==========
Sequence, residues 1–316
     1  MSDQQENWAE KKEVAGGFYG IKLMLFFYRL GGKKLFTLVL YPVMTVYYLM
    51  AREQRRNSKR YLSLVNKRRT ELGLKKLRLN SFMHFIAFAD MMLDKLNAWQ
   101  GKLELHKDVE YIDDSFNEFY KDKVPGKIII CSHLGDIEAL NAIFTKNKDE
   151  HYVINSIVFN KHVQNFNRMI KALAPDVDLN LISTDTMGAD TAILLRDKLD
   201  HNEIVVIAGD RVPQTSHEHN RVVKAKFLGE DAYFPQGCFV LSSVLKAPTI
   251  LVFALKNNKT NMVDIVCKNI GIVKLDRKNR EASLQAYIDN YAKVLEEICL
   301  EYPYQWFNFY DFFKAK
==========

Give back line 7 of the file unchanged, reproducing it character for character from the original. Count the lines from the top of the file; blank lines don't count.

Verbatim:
   251  LVFALKNNKT NMVDIVCKNI GIVKLDRKNR EASLQAYIDN YAKVLEEICL